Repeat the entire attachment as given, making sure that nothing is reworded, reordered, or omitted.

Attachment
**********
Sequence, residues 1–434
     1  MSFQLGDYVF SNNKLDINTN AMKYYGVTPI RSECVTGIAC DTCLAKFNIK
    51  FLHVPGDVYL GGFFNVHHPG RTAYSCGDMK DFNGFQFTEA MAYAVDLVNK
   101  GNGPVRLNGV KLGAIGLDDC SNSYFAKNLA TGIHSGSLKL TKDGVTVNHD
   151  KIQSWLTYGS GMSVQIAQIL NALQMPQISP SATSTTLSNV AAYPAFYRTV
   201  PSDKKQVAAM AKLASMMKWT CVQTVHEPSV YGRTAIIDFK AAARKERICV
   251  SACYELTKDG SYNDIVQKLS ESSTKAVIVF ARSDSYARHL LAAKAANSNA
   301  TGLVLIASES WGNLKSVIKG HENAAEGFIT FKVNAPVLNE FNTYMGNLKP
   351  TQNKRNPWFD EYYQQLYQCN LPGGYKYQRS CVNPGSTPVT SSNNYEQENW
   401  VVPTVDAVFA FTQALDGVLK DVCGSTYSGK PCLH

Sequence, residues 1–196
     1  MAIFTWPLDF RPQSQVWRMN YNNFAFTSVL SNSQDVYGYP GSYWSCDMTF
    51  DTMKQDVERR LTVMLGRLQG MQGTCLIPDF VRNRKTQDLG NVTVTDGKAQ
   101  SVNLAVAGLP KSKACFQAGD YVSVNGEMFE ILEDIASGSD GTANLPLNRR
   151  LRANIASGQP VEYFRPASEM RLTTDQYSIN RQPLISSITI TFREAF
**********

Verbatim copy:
Sequence, residues 1–434
     1  MSFQLGDYVF SNNKLDINTN AMKYYGVTPI RSECVTGIAC DTCLAKFNIK
    51  FLHVPGDVYL GGFFNVHHPG RTAYSCGDMK DFNGFQFTEA MAYAVDLVNK
   101  GNGPVRLNGV KLGAIGLDDC SNSYFAKNLA TGIHSGSLKL TKDGVTVNHD
   151  KIQSWLTYGS GMSVQIAQIL NALQMPQISP SATSTTLSNV AAYPAFYRTV
   201  PSDKKQVAAM AKLASMMKWT CVQTVHEPSV YGRTAIIDFK AAARKERICV
   251  SACYELTKDG SYNDIVQKLS ESSTKAVIVF ARSDSYARHL LAAKAANSNA
   301  TGLVLIASES WGNLKSVIKG HENAAEGFIT FKVNAPVLNE FNTYMGNLKP
   351  TQNKRNPWFD EYYQQLYQCN LPGGYKYQRS CVNPGSTPVT SSNNYEQENW
   401  VVPTVDAVFA FTQALDGVLK DVCGSTYSGK PCLH

Sequence, residues 1–196
     1  MAIFTWPLDF RPQSQVWRMN YNNFAFTSVL SNSQDVYGYP GSYWSCDMTF
    51  DTMKQDVERR LTVMLGRLQG MQGTCLIPDF VRNRKTQDLG NVTVTDGKAQ
   101  SVNLAVAGLP KSKACFQAGD YVSVNGEMFE ILEDIASGSD GTANLPLNRR
   151  LRANIASGQP VEYFRPASEM RLTTDQYSIN RQPLISSITI TFREAF